We’re always captivated by¬†original art¬†projects that set themselves apart from the rest — much like our DNA art. “Black Hole” is a project by Swiss photographer Fabien Oefner. The setup of his project is very simple, Oefner drips various shades of acrylic paint onto a metallic rod, which is attached to a drill. He switches on the drill, and photographs the moment when the paint starts to move away from the rod caused by the¬†centripetal¬†force. Because the paint moves so quickly, the photo needs to be captured¬†within a millisecond of the drill being switched on. He makes use of a sensor that is connected to the drill and camera, which allows him to¬†accurately¬†freeze frame the motion of the paint.
Video credit: Vimeo
Photo credit: Design Boom
We were intrigued when we came across this video by PBS Offbook, about the future of 3D printing and the¬†opportunities¬†it could bring to the world. 3D printing is a revolutionary new¬†technology¬†that allows you to take a digital file, and turn it into a physical product — toys, shoes, iPhone cases, replicas. Based on this video, it seems like the¬†possibilities¬†are endless!
Who knows where the future will take us — perhaps one day 3D DNA Portraits will¬†exist?
Why step outside to gaze at the moon when you can just admire your credenza? This design by¬†Sotirios Papadopoulos¬†features a photo-realistic image of the moon that has been treated with special material so that it glows in the dark. It will absorb the lights of the sun and in your home during the day and be luminescent at night.
There are only 24 of these credenzas available, and they ship with a CD of original music designed to go with the piece. I hope it includes recordings of howling wolves.
Now this is an example of ¬†ingenuity at it’s finest! Viennese artist Andreas Franke has recently¬†unveiled¬†his photo project,¬†The Sinking World, in an underwater art gallery. The exhibition is dubbed the Stavronikita Project, and will take place on the deck of the sunken SS Stavronikita, right off the coast of Barbados. We’re absolutely blown away by this mix of innovation and unique art. Via You the Designer:
In his most notable project called “The Sinking World“, Andreas Franke brings a strange, forgotten underwater world back to life by capturing some stills of sunken ships, then recreated what life could have been like aboard the ship with real actors. The amazing images are displayed on the deck of the shipwrecks where divers and art lovers can see his underwater gallery.
He has created two projects so far in The Sinking World series. The first one was¬†The Vandenberg Project, featuring a gallery of surreal photographs of the sunken ship off the coast of Florida and combined the stills with images of staged actors representing everyday life, thus, creating a¬†re-imagined¬†and forgotten world of the sunken giant.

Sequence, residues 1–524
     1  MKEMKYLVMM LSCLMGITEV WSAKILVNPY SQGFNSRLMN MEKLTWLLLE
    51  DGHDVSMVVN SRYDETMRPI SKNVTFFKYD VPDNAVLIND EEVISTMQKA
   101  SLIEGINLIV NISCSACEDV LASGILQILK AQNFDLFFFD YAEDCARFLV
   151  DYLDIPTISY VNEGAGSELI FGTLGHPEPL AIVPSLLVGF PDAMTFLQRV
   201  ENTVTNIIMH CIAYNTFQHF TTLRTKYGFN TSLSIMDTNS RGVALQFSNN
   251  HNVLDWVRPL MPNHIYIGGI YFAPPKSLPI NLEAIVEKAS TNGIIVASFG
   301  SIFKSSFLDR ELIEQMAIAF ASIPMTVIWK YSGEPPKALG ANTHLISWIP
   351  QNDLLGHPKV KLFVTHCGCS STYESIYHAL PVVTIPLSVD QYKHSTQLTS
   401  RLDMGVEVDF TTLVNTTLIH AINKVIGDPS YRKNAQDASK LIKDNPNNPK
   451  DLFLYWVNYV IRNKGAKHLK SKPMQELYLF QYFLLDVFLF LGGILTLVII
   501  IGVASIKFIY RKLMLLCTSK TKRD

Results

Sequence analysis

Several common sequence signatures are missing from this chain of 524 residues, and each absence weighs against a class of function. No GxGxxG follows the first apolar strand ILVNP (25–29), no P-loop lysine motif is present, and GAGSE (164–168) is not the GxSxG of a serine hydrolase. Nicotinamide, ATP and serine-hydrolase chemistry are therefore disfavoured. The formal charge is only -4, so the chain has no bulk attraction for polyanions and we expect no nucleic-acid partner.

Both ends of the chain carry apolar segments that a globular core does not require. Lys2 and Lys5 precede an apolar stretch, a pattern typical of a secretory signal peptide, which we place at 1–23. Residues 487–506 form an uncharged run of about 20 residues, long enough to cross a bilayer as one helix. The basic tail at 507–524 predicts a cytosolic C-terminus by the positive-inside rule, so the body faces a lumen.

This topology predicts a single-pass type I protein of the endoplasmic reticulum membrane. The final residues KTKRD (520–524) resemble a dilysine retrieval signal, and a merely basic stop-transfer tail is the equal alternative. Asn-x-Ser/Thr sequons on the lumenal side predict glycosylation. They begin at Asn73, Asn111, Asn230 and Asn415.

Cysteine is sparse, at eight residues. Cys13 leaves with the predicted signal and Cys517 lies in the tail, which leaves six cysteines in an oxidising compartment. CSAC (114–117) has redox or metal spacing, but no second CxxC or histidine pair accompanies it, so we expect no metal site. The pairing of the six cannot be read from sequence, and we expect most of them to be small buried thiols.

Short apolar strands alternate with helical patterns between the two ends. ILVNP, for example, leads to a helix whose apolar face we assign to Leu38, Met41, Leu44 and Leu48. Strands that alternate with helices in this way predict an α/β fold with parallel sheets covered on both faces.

Another set of his Sinking World was¬†The¬†Stavronikita Project¬†featuring a gallery staging the European era, the¬†age of decadence with all its intoxicating extravagance and vanity, on the deck of the sunken ship of the same name right off the¬†Caribbean island of Barbados.
The¬†Stavronikita Project, underwater on SS Stavronikita, will run until April 2013.
We’ve recently been hearing some very big, and very interesting news out of the DNA world! Researchers have claimed to have found a more¬†efficient¬†alternative to storing information on a computer hard drive — rather they are suggesting they have the capabilities to replace the hard drive with DNA.¬†Via Engadget:
We’ve seen scientists experiment with DNA as a storage medium — most recently with a¬†Harvard team¬†fitting 704TB of data onto a single gram of the genetic material — and it looks like that research trend is only picking up. Scientists at the European Bioinformatics Institute in the UK have encoded an MP3 file — along with a digital photo and all 154 of Shakespeare’s sonnets¬†– into DNA, with a hulking storage density of 2.2 petabytes per gram. The information was written using the language of DNA’s four bases (A, T, C and G, if you remember high-school bio), and to provide error correction the scientists reserved one of the letters to break up long runs of any of the other three bases. In practice, this system allowed for 100-percent accuracy in sequencing and retrieving the encoded files. Though DNA storage is still quite expensive, the researchers say this method could eventually provide a viable option for archiving information, especially considering DNA’s high capacity and long life span. Still, you won’t be ditching that hard drive¬†just¬†yet.
Share our love of DNA? Browse through our¬†unique portrait¬†ideas.
Photo credit: The Telegraph